Mind Mapping

An innovation of Tony Buzan, the mind map evolved from his research in note
taking techniques. A mind map consists of a central word or concept, around which
you draw 5 to 10 main ideas that relate to that word or concept. Then you take each
of those words and draw 5 to 10 main ideas that relate to each of those words. New
ideas can be placed in the right place and the map encourages the reduction of each
idea to a single word.
A mind map is a way to organize your thoughts or ideas around a major theme or
subject, and assist you in making brain linkages and connections for better recall
later. You can apply the mind map principle to a variety of situations, whether it’s a
book you just read, a lecture you just heard, or a vision you just had -- creating a
mind map around its central theme can bring clarity and order to your thoughts, and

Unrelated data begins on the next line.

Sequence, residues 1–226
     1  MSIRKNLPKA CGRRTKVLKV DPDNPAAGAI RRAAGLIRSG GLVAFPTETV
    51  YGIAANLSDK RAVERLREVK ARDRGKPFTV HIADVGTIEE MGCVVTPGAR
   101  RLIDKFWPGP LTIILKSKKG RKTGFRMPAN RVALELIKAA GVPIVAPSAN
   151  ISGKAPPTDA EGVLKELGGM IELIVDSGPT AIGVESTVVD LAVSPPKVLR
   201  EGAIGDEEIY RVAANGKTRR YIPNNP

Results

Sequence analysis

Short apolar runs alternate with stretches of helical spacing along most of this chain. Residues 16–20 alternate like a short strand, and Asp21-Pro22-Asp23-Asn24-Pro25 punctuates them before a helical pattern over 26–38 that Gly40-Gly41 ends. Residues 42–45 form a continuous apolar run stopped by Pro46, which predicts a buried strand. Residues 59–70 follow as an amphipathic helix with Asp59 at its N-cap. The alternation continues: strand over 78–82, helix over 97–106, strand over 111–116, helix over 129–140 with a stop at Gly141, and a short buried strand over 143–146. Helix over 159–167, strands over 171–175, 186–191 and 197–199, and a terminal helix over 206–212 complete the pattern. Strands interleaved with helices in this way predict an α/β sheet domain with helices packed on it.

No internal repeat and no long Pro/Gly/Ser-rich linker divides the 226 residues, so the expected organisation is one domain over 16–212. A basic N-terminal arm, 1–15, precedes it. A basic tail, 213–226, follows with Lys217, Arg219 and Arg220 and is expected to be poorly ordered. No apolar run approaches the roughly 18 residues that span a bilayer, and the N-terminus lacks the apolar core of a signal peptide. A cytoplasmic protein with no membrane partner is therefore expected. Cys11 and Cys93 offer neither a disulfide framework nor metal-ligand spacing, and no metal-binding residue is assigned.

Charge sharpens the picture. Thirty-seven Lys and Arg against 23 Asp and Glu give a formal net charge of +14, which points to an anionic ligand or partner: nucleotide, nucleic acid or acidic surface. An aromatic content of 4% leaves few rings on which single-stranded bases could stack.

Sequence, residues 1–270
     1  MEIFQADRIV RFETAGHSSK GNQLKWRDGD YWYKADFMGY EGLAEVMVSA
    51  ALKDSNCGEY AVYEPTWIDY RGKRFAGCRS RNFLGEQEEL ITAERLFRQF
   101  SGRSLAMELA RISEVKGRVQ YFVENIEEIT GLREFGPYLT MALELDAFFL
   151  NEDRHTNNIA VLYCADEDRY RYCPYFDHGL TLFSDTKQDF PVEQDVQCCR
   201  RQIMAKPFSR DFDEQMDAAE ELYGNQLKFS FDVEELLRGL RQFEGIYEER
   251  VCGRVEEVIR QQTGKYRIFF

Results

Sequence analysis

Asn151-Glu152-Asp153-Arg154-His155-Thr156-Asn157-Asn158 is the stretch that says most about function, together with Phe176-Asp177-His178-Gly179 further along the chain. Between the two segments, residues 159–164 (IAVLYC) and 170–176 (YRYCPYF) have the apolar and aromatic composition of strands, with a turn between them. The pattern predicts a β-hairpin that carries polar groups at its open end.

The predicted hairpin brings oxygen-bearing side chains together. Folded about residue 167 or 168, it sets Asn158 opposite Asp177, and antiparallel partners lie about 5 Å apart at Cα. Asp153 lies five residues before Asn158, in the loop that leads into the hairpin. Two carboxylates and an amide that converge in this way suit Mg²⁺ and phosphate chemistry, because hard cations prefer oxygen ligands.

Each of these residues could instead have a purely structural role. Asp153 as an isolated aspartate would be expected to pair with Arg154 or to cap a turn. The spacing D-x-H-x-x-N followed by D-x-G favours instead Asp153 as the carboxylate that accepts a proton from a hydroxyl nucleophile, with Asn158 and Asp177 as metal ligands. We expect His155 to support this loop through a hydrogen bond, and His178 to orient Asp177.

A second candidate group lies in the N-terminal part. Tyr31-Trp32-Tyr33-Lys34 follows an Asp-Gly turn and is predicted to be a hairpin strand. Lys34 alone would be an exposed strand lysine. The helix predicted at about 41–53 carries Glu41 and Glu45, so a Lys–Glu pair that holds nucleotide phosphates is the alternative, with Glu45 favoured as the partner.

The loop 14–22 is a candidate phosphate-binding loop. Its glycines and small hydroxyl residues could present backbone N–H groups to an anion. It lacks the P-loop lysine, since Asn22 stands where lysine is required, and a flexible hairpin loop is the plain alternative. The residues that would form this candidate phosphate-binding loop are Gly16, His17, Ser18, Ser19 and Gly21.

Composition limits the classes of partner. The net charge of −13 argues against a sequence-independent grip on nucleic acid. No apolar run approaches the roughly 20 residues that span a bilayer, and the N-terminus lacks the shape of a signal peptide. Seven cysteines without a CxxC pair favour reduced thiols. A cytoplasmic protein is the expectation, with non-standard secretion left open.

you can depict it all on a single sheet of paper.
Research by Tony Buzan on note taking revealed that out of the various methods
of learning after a lecture - writing transcripts, writing summaries or writing key
words - key words written by the student was the most effective way of remem-
bering a lecture given to them. As an exercise in creating mind maps, use the below
skeleton of a simple mind map and improvise from there with sample words or ideas
that relate to the central theme of a book you just read or a movie you just saw and see
how effective it is for organizing your thoughts. You’ll also find that reviewing your
mind map later will bring the summary or essence of the book or movie back quickly
to you. Also if the book or movie is particularly important for you to learn and retain,
redrawing the mind map from memory a few times will implant the information very
solidly in your memory.